School-Linked Mental Health in Action
Many School-linked Mental Health programs are considered positive supports. Children and youth spend a large part of the day in school settings. Creating opportunities for mental health services to be offered in schools can make it easier to help children and youth. Families do not need to schedule times to visit a clinic or hospital since children can get help during the school day. When children and youth do not get mental health supports that they need, they struggle in school and later in life. Offering mental health supports at school can make it easier to prevent difficulties and to provide help as early as possible so problems don’t get worse. There are many different kinds of School-linked Mental Health programs so it is important to ask questions and learn more about the goals of each program. Some mental health programs include universal strategies for increasing the health of all children and youth or to address problems within a community. Other mental health programs provide individualized interventions for children at risk for or who have a mental illness.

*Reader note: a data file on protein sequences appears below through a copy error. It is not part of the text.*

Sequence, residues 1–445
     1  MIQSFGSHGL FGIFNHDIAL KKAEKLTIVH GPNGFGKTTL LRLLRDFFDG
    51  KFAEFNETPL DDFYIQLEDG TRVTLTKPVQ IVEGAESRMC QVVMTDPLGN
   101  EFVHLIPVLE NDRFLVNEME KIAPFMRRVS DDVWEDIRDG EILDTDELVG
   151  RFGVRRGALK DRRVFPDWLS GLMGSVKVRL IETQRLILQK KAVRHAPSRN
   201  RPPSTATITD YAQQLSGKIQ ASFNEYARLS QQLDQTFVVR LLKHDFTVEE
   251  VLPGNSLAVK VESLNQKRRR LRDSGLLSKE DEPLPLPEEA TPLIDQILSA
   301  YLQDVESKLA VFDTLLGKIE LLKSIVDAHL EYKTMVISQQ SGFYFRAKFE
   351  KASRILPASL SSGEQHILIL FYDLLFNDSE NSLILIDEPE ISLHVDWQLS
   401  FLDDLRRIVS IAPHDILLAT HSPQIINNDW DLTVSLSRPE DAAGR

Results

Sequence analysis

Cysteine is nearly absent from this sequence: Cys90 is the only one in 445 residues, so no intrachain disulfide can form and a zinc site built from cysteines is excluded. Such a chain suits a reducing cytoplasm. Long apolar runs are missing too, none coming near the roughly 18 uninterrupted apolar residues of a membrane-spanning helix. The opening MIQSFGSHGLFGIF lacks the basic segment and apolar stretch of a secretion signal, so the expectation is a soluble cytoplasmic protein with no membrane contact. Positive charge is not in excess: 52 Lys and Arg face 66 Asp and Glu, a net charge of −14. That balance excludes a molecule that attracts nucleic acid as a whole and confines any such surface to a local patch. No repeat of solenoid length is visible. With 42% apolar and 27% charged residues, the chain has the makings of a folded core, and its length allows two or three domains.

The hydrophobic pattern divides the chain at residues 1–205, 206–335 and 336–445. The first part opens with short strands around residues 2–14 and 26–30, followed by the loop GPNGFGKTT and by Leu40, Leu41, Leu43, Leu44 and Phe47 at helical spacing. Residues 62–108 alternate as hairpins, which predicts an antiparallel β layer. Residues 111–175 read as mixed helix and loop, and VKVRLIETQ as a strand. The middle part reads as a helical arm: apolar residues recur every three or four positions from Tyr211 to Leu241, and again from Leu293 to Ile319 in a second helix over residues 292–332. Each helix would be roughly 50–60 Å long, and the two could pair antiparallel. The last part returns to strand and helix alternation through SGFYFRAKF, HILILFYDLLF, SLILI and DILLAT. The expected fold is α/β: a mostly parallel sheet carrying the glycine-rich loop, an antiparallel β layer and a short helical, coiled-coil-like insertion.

School-based Mental Health
Kutash, K., Duchnowski, A. J., & Lynn, N. (2006). School-based mental health: An empirical guide for decision-makers. Tampa, FL: University of South Florida, The Louis de la Parte Florida Mental Health Institute, Department of Child & Family Studies., Research and Training Center for Children’s Mental Health.
Center for School Mental Health
Article: Barriers to Implementation of School-based Mental Health
Langley, A. K., Nadeem, E., Kataoka, S. H., Stein, B. D., & Jaycox, L. H. (2010). Evidence-Based Mental Health Programs in Schools: Barriers and Facilitators of Successful Implementation. School Mental Health, 2(3), 105–113.
Article: Integration of Education and Mental Health
Integration of Education and Mental Health in Schools. Administration and Policy in Mental Health and Mental Health Services Research, 37,(1), 40-47.